George Strait (photo: Darrell Westmoreland)
George Strait (photo: Darrell Westmoreland)

Never known for flamboyance, country star George Strait performs with a steady hand and soft-spoken style.

Well, maybe not entirely soft-spoken. He can belt out a tune like “The Fireman” or “Honk If You Honky Tonk” with the command of a trail boss who needs to be heard over a herd of cattle.

Even so, it’s the gentle cowboy ballads such as “Amarillo by Morning” and “I Can Still Make Cheyenne” that have given Strait his time-tested appeal. He’s been making hit songs since the 1980s — more than 40 have gone to No. 1 — and to date he’s sold more than 67 million albums. He’s clearly doing something right.

Though Reba McEntire and Lee Ann Womack, who shared the all-country bill Saturday night (March 27) at the Tacoma Dome, may have outshined him in girl-power showmanship, Strait was steady-as-she-goes when it came to delivering the songs that have provided a foundation for modern country over the last three decades.

George Strait (photo: Vanessa Gavalya)
George Strait (photo: Vanessa Gavalya)

All three acts performed in the round, which allowed them to circle the stage and play directly to the concertgoers sitting below them. It’s a method of staging that Strait has used before to his advantage.
Opening with “Deep in the Heart of Texas,” Strait’s Ace in the Hole Band set the stage with the western swing sound that is at the core of Strait’s music. (You can read my preview of the concert here.)

Strait soon stepped out in his Wrangler jeans, light-green shirt, cowboy boots and black hat. The lengthy set, packed with about 30 songs, ran the gamut from his first hit, “Unwound” from 1981, to the current “Twang” from his album of the same name. By the way, “Twang” was written by Jim Lauderdale, Kendall Marvel and Jimmy Ritchey, who was part of the Seattle scene in the 1990s, when he played with country as well as grunge bands.

Reba McEntire (photo: Darrell Westmoreland)
Reba McEntire (photo: Darrell Westmoreland)

Aside such new songs as “Twang” (the opening song), “Where Have I Been All My Life” and “Arkansas Dave” (written by son Bubba Strait), the show played like a greatest-hits package. In fact, the concert didn’t vary much from past shows, right down to an encore that featured such tunes as “Folsom Prison Blues,” “All My Ex’s Live in Texas” and “The Cowboy Rides Away,” his classic closer.

It was disappointing that he didn’t include “El Rey,” a traditional Mexican folk song from the new album that he sings entirely in Spanish. Maybe Strait felt that the predominantly white audience at the Tacoma Dome wouldn’t appreciate it. But it was gutsy for Strait to record it, and it would have been amazing to hear it live. You can read more about the song here.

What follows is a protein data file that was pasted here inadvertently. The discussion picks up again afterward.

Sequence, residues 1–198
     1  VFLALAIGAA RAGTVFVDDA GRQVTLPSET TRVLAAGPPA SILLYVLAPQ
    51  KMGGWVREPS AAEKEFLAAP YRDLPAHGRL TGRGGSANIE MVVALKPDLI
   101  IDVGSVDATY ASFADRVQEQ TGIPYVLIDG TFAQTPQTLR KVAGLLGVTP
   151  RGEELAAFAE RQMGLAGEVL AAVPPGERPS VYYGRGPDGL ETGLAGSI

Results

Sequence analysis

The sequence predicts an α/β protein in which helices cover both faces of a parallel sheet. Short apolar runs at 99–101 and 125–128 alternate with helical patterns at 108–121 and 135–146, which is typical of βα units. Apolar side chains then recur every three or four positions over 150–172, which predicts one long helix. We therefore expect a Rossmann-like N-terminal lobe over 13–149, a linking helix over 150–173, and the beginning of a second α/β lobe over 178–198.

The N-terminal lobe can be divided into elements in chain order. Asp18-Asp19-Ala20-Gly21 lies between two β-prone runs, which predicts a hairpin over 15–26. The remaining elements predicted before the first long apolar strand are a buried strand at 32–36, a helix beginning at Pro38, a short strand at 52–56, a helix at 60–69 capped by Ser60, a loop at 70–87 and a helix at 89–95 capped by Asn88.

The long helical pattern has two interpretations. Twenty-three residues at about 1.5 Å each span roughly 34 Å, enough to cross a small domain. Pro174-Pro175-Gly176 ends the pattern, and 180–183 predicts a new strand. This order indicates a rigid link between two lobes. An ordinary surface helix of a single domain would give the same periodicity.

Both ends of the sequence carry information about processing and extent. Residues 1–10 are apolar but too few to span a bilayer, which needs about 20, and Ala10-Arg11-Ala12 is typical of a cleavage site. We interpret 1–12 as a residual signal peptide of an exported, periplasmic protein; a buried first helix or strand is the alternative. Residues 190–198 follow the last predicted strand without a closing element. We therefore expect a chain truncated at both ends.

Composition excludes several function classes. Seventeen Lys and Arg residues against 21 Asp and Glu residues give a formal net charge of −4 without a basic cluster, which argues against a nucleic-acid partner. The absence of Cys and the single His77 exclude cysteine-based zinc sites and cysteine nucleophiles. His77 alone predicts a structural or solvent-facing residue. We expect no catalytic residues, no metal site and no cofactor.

McEntire performed the fiery middle set, sharing clips from her “Reba” TV sitcom and performing such songs as “I’ll Have What She’s Having,” “Consider Me Gone” and “Is There Life Out There.”

McEntire performed Kelly Clarkson’s tear-jerking “Because of You,” noting that the “American Idol” star had written the song at age 16. The song originally had been included on Clarkson’s “Breakaway” album, but was re-recorded as a duet with McEntire for “Reba: Duets.” The duet recording led to Clarkson’s first appearance on the country charts.

The tender title song from McEntire’s 2009 album, “I Keep On Loving You,” was dedicated to songwriters Kix Brooks and Ronnie Dunn of Brooks & Dunn, who are planning to break up after a farewell tour this year.

Lee Ann Womack (photo: Darrell Westmoreland)
Lee Ann Womack (photo: Darrell Westmoreland)

A highlight of the show was a comedy skit with Melissa Peterman, her co-star from “Reba.” The effervescent and apparently tipsy Peterman passed a Budweiser to McEntire and quipped, “The queen of country is holding the king of beers.”

The pair then sang a crowd-pleasing duet of “I’m a Survivor,” the show’s theme. But the biggest applause came when Peterman reminded the crowd that McEntire’s birthday officially started at midnight (March 28).

Another highlight of McEntire’s set was a powerful duet with Womack on “Does He Love You?” The two singers’ voices blended beautifully. (McEntire originally recorded the song as a duet with Linda Davis.)

McEntire, who boasted the best costumes, closed her set with the boisterous “Fancy.”

Womack’s own set was filled with greatest hits, among them the lovely “I Hope You Dance,” the title song of her 2000 album.

What did you think of the concert? You can post a comment below.

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